Q&A with Monica Felix, Executive Director, Chicago Cultural Alliance
The most recent Illinois Humanities grant to the Chicago Cultural Alliance was a 2021 Covid-19 Emergency Relief and Recovery grant.
Chicago Cultural Alliance (CCA)
The Chicago Cultural Alliance’s mission is to connect, promote, and support centers of cultural heritage for a more inclusive Chicago. Its vision is a city where all communities have a voice, and cross-cultural dialogue and collaboration are an integral part of Chicago’s civic fabric. The CCA was founded in 2008.
Q1: How do you see the arts/culture/humanities as being essential?
Monica Felix: I love that question. We give such emphasis to what many people see as the practical fields, the money-making fields. Forbes magazine periodically publishes the top salaries of the year, and that’s how they seem to measure success. But for me, with a humanities background, this work in arts and culture speaks to what is important: creating understanding between people. People across the world have songs, dance, and create game forms that spring up organically. These are methods for people to cooperate, compete, and challenge one another in productive ways. And that is all based on understanding, involving people from within as well as outside of the community. In other words, the study of all art forms and forms of cultural expression is the study of how communities create and express meaning. In a city like Chicago, we see people from dozens of cultures and from all walks of life converging and interacting. The outcome of those interactions can depend heavily on finding intersections between cultures and fostering enhanced cultural competence. It’s a major undertaking, but I see Chicago as a microcosm; if we can create cross-cultural understanding and collaboration here then perhaps this work can be a model for other cities as well.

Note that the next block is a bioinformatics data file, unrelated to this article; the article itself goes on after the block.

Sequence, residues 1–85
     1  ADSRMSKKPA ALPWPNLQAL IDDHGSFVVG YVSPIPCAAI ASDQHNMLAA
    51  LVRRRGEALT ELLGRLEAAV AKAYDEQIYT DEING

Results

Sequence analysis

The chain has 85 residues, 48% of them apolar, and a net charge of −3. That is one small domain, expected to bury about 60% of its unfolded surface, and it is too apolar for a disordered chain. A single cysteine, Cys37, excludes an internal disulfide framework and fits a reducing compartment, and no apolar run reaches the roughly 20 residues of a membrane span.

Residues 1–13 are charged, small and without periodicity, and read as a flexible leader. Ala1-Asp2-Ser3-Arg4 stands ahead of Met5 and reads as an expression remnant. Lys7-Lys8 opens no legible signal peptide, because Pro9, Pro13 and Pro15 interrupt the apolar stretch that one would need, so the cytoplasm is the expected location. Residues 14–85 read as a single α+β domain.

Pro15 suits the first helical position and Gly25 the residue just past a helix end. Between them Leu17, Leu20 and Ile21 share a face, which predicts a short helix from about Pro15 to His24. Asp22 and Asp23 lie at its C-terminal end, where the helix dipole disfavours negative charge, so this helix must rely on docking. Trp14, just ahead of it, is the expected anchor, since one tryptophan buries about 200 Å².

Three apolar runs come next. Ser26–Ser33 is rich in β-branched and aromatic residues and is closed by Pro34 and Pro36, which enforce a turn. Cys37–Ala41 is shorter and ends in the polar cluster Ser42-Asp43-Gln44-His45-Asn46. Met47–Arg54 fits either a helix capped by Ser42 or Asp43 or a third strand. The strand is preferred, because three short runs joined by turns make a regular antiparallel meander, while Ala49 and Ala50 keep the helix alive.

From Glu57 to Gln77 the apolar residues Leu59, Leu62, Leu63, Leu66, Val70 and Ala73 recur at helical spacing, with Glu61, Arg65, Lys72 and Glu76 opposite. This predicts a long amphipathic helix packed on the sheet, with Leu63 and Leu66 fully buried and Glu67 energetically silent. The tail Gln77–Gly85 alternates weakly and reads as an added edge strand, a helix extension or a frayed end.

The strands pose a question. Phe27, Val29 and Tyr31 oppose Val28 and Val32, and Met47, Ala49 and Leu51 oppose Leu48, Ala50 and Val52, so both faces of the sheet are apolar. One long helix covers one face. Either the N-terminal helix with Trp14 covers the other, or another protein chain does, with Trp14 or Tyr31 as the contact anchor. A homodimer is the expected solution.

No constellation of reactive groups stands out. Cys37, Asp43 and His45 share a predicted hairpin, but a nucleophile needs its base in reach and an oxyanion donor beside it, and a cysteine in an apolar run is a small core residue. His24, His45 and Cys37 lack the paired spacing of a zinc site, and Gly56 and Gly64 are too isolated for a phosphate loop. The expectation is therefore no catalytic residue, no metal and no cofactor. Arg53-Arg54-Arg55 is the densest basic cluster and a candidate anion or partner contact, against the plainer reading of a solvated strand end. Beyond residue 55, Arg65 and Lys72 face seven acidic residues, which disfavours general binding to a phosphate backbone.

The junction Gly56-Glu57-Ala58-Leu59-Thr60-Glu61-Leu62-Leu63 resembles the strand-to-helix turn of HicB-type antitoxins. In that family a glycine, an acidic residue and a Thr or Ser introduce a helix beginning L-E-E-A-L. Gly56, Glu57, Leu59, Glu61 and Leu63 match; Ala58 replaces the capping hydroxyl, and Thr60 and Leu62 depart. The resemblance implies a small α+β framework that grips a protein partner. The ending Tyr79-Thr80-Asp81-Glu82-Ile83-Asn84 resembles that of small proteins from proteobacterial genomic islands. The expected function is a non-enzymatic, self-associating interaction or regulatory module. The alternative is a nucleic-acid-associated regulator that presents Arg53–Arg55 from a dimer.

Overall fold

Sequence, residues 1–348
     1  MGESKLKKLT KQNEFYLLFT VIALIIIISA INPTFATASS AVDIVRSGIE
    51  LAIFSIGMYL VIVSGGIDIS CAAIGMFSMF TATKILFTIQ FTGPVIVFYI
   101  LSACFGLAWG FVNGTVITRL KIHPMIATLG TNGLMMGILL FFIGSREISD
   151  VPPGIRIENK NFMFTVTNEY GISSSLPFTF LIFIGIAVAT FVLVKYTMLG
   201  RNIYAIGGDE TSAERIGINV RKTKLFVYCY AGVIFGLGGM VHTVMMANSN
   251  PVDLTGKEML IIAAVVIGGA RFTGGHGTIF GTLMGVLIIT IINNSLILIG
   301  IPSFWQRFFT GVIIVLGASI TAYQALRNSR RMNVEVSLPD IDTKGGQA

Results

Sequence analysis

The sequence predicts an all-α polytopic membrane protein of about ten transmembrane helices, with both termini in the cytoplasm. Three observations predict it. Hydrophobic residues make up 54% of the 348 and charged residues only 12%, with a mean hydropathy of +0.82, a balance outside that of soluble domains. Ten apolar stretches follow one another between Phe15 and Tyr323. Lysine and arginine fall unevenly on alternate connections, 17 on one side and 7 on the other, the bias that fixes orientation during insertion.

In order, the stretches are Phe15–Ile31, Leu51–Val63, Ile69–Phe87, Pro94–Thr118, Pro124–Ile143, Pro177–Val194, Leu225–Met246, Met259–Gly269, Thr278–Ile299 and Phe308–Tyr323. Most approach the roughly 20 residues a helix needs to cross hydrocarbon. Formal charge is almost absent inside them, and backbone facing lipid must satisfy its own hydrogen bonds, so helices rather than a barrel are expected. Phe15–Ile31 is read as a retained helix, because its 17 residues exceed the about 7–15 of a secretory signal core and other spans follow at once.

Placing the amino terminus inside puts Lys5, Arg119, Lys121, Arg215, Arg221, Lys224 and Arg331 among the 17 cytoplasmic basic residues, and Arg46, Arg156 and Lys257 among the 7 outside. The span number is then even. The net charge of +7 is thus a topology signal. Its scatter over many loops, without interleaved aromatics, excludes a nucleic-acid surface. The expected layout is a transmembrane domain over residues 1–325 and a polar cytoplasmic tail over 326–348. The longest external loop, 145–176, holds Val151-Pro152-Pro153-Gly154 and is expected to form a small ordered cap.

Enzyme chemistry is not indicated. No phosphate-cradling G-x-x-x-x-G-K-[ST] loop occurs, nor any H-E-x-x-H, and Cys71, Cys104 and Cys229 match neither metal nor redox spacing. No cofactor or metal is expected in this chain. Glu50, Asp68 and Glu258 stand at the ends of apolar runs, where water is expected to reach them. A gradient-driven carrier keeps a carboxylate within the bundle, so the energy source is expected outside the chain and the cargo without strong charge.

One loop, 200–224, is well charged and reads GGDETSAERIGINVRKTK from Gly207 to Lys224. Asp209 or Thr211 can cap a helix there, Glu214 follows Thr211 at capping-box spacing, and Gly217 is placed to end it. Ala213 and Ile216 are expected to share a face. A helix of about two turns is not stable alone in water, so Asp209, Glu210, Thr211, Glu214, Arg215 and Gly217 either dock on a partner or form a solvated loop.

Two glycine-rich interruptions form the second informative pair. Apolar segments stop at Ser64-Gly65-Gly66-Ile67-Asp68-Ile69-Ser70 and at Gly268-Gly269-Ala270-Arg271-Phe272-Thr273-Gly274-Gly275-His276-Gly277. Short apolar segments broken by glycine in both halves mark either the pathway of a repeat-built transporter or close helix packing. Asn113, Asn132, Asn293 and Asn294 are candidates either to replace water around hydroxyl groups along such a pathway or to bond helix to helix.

Q2: What is the most important thing people should know about your work?
Monica Felix: It’s hard to narrow down to just one thing. If I would want someone to learn just one thing about the CCA, it would be our work to support our consortium of 45 cultural heritage institutions. We actually just added two new Core Members – the T.G. Masaryk Czech School in Cicero and the Abrahamic Center for Cultural Education. This represents an amazing expansion from the seven founding member institutions in 2006. Beyond the Core Members, the CCA includes 18 Partner Members supporting our Core Members – often as program partners or mentors. Although it may not sound like much, the work of the CCA is to foster communication between members of the consortium. While it may seem simple, it requires a high level of understanding of the capacity of each organization. Our staff knows which members have language programs, which ones feature community gardens, who focuses more on programs for community elders, who has programming for youth education, and so on. We have a detailed understanding of partners so that we can help them make meaningful and mutually-beneficial connections. Our programming creates several opportunities for our members to share knowledge and network with each other. This includes our monthly Town Hall meetings, regular newsletters, social media groups, annual Activating Heritage professional development conference, and a monthly “Archives Crawl” where members get behind-the-scenes tours of each other’s collections of cultural heritage artifacts. Beyond this, we work on forming connections for members who may have similar goals in mind. This can take the form of pairing members to co-author a grant or suggesting partnerships for a collaborative program if two partners are pursuing similar themes.
Q3: How did you arrive at doing what you do?
Monica Felix: I would never want to create the illusion that I’m following a plan. It’s easy to see someone with an interesting job and think that there is a set path to arriving in that role. The best I can say is that I just sought out interesting experiences and new challenges. I have a full humanities background starting with my bachelor’s degree in German and Linguistics. After graduating, I spent two years working for Chicago startups which was useful both for shoring up my administrative skills and ability to adapt to new challenges each day; it also helped me to realize that I was better suited to careers in the cultural space rather than in industry.